What Kind of Conditions Can Your Dentist Find by Looking at Your Mouth?
- Author David Crumpton, Dds
- Published February 4, 2022
- Word count 586
Tooth decay and gum disease aren’t the only things that a dentist might find during a routine checkup. Many systemic health problems have symptoms that manifest orally; as such, the mouth often exhibits warning signs that there’s a problem in the rest of the body. Here are some examples of conditions that a dentist might be able to identify.
Nowadays, routine dental checkups and cleanings often include oral cancer screening. The dentist will check for discolored spots, ulcerated areas in the cheeks, and unusual lumps and bumps. They might also look for signs of swelling in the glands around the neck. If any concerning symptoms are found, they will likely make arrangements for a specialist to perform a biopsy to see if cancer is present.
Diabetes affects the entire body in numerous ways, and naturally that includes the mouth. Some people notice a burning sensation or wounds that don’t heal as quickly as they should. Also, due to an impaired immune system, the risk of gum disease and other infections is much higher, and they’re likely to be more severe. It’s important to take steps to get diabetes under control as soon as it’s identified in order to minimize the damage it causes. A dentist will take note of any symptoms that could point to untreated diabetes and tell the patient what steps they need to take next.
“GERD” is short for “gastroesophageal reflux disease,” which is a condition where the acids in your stomach travel up through the esophagus. The acids can get on the teeth, wearing down and weakening the enamel at an unusually fast rate; other possible consequences include bad breath, canker sores, and dry mouth. A dentist might be able to catch GERD if they notice unusual damage done to the teeth near the back of the mouth.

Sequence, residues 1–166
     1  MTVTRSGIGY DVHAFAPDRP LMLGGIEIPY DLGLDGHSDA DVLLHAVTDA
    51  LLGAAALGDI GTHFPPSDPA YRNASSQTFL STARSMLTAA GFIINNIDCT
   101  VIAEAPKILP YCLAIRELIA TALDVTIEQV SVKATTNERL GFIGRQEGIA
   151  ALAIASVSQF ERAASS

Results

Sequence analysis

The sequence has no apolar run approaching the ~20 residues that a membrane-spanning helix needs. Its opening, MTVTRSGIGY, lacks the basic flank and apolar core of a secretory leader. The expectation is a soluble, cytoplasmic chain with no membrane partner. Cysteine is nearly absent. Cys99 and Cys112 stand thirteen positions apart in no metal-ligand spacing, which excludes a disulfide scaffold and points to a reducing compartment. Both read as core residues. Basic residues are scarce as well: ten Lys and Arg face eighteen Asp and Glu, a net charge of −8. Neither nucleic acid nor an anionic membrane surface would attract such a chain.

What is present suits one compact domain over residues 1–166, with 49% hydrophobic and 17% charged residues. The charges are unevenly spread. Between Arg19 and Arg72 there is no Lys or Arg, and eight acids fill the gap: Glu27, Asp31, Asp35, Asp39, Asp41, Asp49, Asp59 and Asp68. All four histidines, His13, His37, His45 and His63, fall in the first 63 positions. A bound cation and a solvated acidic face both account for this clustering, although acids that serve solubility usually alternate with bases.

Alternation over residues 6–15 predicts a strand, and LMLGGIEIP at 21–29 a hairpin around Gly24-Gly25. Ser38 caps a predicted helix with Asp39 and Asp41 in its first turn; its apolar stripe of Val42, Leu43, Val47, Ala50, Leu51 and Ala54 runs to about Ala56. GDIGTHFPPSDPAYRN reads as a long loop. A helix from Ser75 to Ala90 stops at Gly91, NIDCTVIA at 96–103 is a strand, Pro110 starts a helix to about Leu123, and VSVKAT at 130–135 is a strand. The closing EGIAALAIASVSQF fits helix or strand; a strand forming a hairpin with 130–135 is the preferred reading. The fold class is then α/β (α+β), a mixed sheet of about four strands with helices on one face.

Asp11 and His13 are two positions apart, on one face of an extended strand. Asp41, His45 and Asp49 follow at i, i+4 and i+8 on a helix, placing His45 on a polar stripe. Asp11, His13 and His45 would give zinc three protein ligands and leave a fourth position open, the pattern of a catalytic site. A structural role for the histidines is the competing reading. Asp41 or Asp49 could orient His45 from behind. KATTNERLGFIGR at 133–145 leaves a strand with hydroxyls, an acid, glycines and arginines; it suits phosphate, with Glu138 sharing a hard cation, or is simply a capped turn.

Sjorgen’s Syndrome is an autoimmune condition where the immune system starts attacking healthy cells in your mouth – specifically in the glands responsible for keeping the mouth moist. This can result in a dry mouth, which is not only uncomfortable but also raises the risk of oral infection. If your dentist finds that you have swollen salivary glands accompanying your dry mouth, it’s often a sign that Sjorgen’s Syndrome is the culprit.
When your body can’t produce enough red blood cells, or if the red blood cells you do have don’t function properly, you have a condition called anemia. The main symptom of anemia is fatigue, but another possible warning sign is a loss of color in the gums, tongue, and other soft tissues in the mouth. A dentist that observes such changes might recommend supplements or dietary changes to increase the patient’s iron intake.
There are more conditions that a dentist may be able to identify while examining the teeth and gums, and if they identify them during a checkup, they can ensure that their patients get the treatment they need all the sooner.
About the Practice
Dr. David Crumpton has been serving the Trophy Club, Southlake, Westlake, Grapevine, and Roanoke communities for over 26 years. By staying on top of the latest dental technology, he’s able to offer his patients truly thorough examinations that catch even the smallest sign of tooth decay, cavities, and many other conditions. He is always up front about the available treatment options and will never try to upsell you; he’ll only tell you what your smile truly needs.
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